Thursday, April 15, 1999 Published at 19:31 GMT 20:31 UK
Serb media accuse Nato of 'brutal crime'
Serb TV said more than 75 people were killed at the scene
Serbia media have accused Nato of "carnage" and "horrendous crime" for the bombiong of a convoy of Kosovo refugees on Wednesday.
The reports on state-controlled television said that the alliance had deliberately attacked what it described as civilians "returning home".
The extensive footage was shown repeatedly, mostly without comment. Local witnesses, some of them in tears, described the bombing, which Nato said was a "tragic accident".
The TV showed Serb police at the scene, examining craters and wreckage. It said the convoy of "several thousand Albanian refugees trying to get back to their homes" was "hit three times by a Nato plane" on the Prizren-Djakovica road.
"Obviously refugees were attacked intentionally, because even the pilot could see from the far distance the convoy was a civilian one and refugees could not be mistaken for soldiers.
"In an attempt to prevent Albanians getting back to their homes, Nato has created another carnage in order to justify further military action.
The convoy was hit three times from one plane, showing the obvious purpose - that Nato is trying to create a situation that should justify aggression," the TV said.
In a statement quoted on state television, Serbian President Milan Milutinovic described the bombing as a "horrendous massacre".
"It cannot be explained as an error when the columns of refugees were bombed four times.
"This was done deliberately," he said.
"For the most horrendous massacre of the late 20th century committed in Serbia and Kosovo, those who ordered this horrendous massacre of innocent civilians will answer to the tribunal of all mankind," Mr Milutinovic said.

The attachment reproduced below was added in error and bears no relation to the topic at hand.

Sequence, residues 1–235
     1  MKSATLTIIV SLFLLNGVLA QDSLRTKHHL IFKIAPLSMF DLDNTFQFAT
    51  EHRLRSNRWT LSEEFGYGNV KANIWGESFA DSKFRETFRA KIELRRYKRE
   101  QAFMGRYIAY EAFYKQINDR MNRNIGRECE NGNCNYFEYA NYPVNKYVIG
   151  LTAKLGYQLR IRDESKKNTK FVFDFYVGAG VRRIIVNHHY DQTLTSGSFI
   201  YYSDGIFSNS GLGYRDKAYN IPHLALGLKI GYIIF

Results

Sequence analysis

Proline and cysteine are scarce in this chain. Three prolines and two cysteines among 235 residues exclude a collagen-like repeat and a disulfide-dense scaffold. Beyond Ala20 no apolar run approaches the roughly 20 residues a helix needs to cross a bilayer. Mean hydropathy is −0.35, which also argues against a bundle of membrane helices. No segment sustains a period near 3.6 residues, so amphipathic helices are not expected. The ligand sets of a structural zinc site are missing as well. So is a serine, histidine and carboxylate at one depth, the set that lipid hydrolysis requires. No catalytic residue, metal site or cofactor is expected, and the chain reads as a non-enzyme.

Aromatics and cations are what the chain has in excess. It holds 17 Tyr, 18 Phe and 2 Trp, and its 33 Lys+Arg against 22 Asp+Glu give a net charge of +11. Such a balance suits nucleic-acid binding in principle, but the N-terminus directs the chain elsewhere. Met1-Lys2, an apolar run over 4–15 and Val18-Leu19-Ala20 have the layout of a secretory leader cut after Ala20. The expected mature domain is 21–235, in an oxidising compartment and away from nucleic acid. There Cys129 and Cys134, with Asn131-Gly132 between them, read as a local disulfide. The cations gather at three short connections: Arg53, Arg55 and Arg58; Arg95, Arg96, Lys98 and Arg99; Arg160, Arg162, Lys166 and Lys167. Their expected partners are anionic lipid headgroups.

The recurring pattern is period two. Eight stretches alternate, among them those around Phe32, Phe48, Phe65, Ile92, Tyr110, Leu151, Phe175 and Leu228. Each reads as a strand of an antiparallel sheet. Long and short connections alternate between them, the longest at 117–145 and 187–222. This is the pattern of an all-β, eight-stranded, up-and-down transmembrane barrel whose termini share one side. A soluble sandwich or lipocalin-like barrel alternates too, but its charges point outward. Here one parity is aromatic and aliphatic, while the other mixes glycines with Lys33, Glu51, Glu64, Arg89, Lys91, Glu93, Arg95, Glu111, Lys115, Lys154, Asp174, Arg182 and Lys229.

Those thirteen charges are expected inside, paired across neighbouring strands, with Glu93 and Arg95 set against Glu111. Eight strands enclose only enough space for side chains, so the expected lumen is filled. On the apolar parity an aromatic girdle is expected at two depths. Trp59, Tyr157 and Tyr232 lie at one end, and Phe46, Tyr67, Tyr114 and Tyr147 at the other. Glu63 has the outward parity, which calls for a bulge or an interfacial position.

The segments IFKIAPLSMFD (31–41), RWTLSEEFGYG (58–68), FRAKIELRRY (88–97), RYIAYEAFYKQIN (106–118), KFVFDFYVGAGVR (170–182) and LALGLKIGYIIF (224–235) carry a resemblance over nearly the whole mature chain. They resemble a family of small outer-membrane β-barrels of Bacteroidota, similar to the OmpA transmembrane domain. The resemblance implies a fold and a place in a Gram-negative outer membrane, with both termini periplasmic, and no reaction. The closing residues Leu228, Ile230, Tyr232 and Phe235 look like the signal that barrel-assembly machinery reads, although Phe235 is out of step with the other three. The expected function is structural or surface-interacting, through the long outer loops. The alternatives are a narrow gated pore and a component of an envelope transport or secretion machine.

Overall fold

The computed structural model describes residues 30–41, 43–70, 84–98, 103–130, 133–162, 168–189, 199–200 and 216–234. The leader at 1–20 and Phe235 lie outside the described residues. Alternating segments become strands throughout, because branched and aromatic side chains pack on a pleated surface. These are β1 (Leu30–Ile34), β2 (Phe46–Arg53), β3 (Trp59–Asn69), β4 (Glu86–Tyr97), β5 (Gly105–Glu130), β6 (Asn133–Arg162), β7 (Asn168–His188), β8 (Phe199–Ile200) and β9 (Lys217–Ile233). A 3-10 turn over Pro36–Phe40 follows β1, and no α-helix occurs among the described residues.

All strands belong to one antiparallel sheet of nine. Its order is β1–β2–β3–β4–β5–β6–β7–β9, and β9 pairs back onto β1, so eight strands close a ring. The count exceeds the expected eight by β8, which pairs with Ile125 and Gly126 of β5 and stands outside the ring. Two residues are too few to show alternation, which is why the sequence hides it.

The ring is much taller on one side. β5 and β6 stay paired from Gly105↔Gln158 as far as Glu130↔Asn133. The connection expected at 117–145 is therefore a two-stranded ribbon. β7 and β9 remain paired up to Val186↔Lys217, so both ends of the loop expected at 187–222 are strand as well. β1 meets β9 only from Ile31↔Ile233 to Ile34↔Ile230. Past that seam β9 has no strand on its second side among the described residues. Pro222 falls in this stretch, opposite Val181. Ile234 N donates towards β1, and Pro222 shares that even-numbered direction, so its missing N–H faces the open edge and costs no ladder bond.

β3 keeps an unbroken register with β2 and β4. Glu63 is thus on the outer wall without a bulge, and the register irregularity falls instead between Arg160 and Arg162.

The Belgrade-based independent news agency, Beta, said that Nato's air raids against targets in Yugoslavia had become "much more intense" in the past week.
But it added: "Belgrade is not yet showing any signs that it is ready to accept the deployment of international forces in Kosovo, or sign the agreement on resolving the crisis in the province in the form in which it was offered at the Paris negotiations".
It had also "enabled the authorities to convince the public without much effort that the Nato intervention is due to a desire to conquer the country, and not to attempts to prevent a humanitarian catastrophe in Kosovo.
"The Yugoslav and Serbian authorities, which over the past years have had serious difficulties in securing majority backing of the population, have no such worries at the moment," the commentary continued.
"In short, the authorities have no major problems at home and their position with the voters and general population is much better now than before the attack."
Beta also said the Belgrade authorities were managing to keep essential services running in Yugoslavia. Supplies of basic food and other items were satisfactory, the news agency said, and although petrol had been rationed at 40 litres per vehicle per month, it could still be found at petrol stations.
However such conditions would "unavoidably change" if the attacks persist for a month or two.
"In that event, the state would probably have to switch to a rationed distribution of basic articles ... and restrict consumption in all areas," Beta said.
The Serbian media maintained their silence about the refugee exodus from Kosovo to neighbouring Macedonia and Albania.
But the Yugoslav state news agency Tanjug said there was heightened tension between Kosovo Albanians and Macedonians in the west Macedonian town of Tetovo.
"The Macedonian residents of Tetovo have announced that they will have to leave their homes under the pressure of Albanians," Tanjug said.
It said tensions flared after a local football match between Skondija - supported by Albanians - and Teteks, supported by Macedonians.
"Police had to intervene to prevent an all-out brawl between the Teteks and Skondija supporters, but the Albanians attacked several passers-by, Macedonians, causing them bodily harm," Tanjug said.
BBC Monitoring http://www.monitor.bbc.co.uk based in Caversham in southern England, selects and translates information from radio, television, press, news agencies and the Internet from 150 countries in more than 70 languages.